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Camera Mounts on Helmets: Potential Safety Concern?

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10/16/2014 3:54 PM
Edited Date/Time: 10/16/2014 4:16 PM

Michael Schumacher, arguably the best known F1 race car driver in history, suffered a brain injury when he slammed his head on a rock while skiing in the French Alps last December. He emerged from a medically induced coma in June and is receiving treatment now.

Earlier this week a French journalist claimed the injury was due to the GoPro camera attached to his helmet, the internet took off with the claim, and GoPro's stock took a big hit as a result.

Of course GoPro says the injury wasn't the result of their mount and may pursue legal action against the journalist. Schumacher's helmet shattered but the camera was undamaged in the accident.

To my knowledge no research has been published showing the potential for increased injury severity due to these types of mounts, but the modification of a helmet will no doubt cause unpredictable results. Clearly rotational injuries are an area of concern, which is why MIPS and related designs are becoming more commonplace. Some companies choose to integrate camera mounts that break away, like the Bell Full 9 (Slides 15-19). The stick on mounts that many camera companies supply don't break away easily though. Is this cause for alarm? What do you think? Whether or not the claim is valid, will it change the way you wear your camera?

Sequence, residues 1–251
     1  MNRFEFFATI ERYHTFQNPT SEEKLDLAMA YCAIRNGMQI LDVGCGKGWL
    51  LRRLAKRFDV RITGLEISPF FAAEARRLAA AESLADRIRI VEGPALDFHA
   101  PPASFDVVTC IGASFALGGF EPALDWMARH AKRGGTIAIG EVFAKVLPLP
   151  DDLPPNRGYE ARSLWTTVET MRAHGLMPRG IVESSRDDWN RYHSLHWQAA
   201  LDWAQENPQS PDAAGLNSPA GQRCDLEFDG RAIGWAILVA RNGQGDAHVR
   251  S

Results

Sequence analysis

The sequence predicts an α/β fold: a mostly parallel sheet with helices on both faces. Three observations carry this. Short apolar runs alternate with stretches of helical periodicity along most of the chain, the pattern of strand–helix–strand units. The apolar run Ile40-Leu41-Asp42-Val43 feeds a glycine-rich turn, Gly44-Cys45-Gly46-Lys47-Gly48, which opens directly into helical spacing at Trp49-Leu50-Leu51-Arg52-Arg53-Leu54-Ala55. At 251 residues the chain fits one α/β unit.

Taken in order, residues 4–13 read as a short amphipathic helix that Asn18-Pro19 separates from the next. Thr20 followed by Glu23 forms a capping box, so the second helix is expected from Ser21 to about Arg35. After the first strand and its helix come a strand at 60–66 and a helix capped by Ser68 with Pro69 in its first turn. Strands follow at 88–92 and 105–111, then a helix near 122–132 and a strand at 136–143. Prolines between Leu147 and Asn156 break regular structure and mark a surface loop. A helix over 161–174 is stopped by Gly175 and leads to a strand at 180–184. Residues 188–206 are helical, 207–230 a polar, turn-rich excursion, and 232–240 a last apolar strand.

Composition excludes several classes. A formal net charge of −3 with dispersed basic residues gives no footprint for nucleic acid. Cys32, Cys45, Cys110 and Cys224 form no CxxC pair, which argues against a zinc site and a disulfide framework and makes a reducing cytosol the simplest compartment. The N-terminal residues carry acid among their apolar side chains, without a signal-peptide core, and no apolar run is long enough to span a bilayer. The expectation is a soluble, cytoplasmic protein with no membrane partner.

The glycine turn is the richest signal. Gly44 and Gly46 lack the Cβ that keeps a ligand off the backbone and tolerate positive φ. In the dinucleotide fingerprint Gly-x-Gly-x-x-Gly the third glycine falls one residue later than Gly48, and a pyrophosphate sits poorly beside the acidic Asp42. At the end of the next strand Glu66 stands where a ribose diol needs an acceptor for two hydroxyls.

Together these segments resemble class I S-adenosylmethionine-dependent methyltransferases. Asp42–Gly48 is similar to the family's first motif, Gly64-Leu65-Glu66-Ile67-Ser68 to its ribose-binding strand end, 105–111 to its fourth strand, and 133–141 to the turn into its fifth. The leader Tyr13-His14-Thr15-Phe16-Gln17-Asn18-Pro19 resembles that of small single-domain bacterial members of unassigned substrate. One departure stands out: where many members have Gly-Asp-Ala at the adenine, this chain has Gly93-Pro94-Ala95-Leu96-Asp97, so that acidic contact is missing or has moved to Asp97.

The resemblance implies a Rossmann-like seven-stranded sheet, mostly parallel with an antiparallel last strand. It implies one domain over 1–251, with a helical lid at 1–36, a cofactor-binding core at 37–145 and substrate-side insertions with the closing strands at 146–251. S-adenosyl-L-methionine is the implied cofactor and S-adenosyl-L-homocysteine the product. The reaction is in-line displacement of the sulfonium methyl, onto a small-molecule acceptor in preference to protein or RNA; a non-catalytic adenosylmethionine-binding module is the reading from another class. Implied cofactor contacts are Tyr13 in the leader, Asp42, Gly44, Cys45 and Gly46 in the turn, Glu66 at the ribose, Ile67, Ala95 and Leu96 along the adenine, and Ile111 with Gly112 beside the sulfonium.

10/16/2014 4:03 PM

w/o any scientific data, i always wondered about the potential for injury/damage because of a helmet cam. either the mount/camera area pushes through the shell/foam of the helmet or the camera causes the head/neck to bend or tweak in a way it may not have without the camera.

this is extremely interesting and worth discussion.


10/16/2014 4:38 PM

This info is not overly new. I heard this from a guy in Thredbo Australia in August this year whilst chatting on a chairlift. He said the exact same thing about the mount piercing MS's helmet. I guess no one will know until, when or if, MS can tell us himself.


10/16/2014 5:53 PM

i ride dirt bike enduro and in that there are low hanging branches, one race i snagged my gopro on a branch from above, my neck was a little sore and i learned my lesson but i believe that as long as there is thought put into placement about conditions then a helmet cam show have no more health effect then just the dead weight of the camera.